"That we are not wilfully opposite, nor careless and senceless, and thereby meanes of our own an others ruine and destruction. And especially in testimonye of our fidelitye and cordiall affections unto one another heere present, so that ther may be a current, peaceable and comfortable proceedinge." - Aquidneck Covenant, co-signed by John Tripp in Providence, Rhode Island (December 1647)
Who was the English Quaker who represented himself as a "gentleman" when he registered with the township authorities of Portsmouth, Rhode Island in 1638? And how did his life and those of his community impact American history?
One of about twelve children of John Tripp and Isabel Moses, John Tripp was born in Lincolnshire, England in 1610. He immigrated to America in 1635. He first settled in Boston where he was employed as an indentured ship carpenter. Shortly thereafter he moved to Providence, Rhode Island (then Aquidneck) after his servitude contract was sold to Randall Holding of Portsmouth.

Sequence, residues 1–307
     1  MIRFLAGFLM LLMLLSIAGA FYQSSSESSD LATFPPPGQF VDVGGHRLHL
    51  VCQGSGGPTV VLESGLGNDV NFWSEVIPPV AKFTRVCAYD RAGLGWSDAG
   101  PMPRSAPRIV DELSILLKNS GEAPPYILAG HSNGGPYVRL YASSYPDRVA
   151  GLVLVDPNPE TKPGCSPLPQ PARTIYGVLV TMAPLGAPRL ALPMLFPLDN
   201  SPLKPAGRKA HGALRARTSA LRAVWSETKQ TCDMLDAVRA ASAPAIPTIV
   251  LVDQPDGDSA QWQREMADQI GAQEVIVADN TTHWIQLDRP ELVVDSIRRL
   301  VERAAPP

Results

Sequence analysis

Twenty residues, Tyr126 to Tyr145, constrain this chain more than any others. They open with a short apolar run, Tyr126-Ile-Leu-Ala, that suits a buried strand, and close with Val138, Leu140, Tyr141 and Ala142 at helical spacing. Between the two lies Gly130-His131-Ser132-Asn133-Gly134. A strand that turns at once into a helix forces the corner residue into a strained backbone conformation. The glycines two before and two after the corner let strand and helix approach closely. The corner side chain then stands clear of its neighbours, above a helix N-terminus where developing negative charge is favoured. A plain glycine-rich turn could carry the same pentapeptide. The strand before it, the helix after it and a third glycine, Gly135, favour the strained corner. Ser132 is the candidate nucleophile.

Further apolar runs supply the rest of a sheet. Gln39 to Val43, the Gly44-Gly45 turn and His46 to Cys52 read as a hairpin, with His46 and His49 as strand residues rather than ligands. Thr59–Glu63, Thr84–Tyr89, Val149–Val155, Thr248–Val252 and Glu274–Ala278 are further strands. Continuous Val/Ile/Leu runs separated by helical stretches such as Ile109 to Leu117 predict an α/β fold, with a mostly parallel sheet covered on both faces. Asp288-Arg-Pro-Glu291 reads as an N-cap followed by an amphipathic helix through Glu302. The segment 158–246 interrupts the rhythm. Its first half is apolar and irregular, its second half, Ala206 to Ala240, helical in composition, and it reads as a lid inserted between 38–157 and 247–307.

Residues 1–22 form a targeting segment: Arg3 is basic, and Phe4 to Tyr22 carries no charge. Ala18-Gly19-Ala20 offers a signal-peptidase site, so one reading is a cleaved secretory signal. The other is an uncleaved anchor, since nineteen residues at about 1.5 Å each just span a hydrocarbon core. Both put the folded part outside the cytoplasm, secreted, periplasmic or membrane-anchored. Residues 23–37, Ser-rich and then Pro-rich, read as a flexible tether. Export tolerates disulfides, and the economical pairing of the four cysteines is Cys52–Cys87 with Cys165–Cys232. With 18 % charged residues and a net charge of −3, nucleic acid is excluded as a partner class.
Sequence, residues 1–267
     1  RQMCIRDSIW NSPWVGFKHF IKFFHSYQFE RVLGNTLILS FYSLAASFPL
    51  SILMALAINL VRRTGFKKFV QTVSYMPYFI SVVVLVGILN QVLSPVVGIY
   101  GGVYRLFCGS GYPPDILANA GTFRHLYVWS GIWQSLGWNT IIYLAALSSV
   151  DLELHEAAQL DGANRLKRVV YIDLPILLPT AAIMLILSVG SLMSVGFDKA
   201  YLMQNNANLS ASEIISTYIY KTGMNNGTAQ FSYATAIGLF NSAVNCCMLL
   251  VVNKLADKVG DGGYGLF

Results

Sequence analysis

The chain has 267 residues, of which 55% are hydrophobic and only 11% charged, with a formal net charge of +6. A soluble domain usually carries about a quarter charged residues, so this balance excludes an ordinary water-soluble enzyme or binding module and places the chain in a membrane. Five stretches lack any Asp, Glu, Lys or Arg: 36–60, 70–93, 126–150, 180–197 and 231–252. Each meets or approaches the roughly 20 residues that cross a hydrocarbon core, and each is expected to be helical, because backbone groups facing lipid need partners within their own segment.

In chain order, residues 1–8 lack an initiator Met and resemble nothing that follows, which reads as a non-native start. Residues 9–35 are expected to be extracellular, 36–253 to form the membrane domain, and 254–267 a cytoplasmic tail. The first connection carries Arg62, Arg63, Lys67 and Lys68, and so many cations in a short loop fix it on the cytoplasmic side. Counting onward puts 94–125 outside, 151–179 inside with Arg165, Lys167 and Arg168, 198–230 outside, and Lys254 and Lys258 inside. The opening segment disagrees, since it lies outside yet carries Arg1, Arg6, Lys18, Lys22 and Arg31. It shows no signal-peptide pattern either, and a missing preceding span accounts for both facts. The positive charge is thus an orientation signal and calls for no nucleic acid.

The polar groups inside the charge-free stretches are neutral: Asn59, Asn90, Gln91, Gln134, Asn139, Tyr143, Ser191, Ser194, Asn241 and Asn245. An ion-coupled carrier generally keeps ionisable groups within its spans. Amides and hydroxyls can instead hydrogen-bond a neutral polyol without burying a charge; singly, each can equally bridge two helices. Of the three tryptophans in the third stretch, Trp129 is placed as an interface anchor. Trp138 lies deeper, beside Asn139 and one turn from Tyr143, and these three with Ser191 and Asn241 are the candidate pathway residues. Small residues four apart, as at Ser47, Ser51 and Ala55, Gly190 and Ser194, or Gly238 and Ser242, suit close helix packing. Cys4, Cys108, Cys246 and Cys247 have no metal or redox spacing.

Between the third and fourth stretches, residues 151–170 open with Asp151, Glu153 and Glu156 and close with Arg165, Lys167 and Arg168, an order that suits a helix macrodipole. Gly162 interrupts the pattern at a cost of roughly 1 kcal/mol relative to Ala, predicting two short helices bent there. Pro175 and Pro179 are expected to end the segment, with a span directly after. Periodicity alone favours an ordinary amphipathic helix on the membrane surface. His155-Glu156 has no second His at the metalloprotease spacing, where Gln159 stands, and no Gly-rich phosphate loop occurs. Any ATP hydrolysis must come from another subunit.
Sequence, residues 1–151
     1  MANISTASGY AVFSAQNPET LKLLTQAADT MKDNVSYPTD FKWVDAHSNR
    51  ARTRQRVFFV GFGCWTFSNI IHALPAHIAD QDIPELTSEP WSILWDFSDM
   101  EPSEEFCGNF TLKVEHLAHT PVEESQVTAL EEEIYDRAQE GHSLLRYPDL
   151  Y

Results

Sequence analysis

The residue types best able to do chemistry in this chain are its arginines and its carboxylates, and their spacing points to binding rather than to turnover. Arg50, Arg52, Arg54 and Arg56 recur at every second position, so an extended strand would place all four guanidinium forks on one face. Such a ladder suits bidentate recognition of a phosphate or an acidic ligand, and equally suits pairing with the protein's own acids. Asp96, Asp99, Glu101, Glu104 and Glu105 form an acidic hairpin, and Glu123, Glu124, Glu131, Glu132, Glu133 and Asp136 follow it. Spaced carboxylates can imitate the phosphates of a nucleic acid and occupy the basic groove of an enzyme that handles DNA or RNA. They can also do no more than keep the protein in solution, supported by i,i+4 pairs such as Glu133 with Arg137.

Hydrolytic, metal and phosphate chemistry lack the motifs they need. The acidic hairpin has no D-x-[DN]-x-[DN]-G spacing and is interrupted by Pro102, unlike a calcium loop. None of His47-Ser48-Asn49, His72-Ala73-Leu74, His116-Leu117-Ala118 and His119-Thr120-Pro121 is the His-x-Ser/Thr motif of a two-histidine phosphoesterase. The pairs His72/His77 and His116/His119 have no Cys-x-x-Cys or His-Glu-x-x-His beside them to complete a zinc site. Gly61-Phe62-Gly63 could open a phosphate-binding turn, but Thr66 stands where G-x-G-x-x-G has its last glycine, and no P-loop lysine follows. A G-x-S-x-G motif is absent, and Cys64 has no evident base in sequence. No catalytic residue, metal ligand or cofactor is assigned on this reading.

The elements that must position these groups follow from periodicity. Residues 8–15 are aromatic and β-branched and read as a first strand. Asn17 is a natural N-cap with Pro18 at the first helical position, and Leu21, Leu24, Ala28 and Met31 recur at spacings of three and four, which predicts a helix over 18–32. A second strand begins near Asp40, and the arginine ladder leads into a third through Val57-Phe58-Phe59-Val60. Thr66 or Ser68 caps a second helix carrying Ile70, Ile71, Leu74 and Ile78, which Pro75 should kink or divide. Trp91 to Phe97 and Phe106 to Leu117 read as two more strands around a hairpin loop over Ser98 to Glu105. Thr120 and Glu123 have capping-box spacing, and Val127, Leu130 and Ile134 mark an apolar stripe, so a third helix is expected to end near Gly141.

On April 30, 1638, he signed an oath in Portsmouth which read as follows: "We whose names are underwritten do acknowledge ourselves the legal subjects of His Majesty King Charles, and in his name do hereby bind ourselves into a civil body politic, unto his laws according to matters of justice." Earlier that year he declined to sign the Portsmouth Compact, which broke political and religious ties with Mother England. Probably written by Puritan Reformist Anne Hutchinson, the document formed the basis for non-sectarian governance of Portsmouth Township.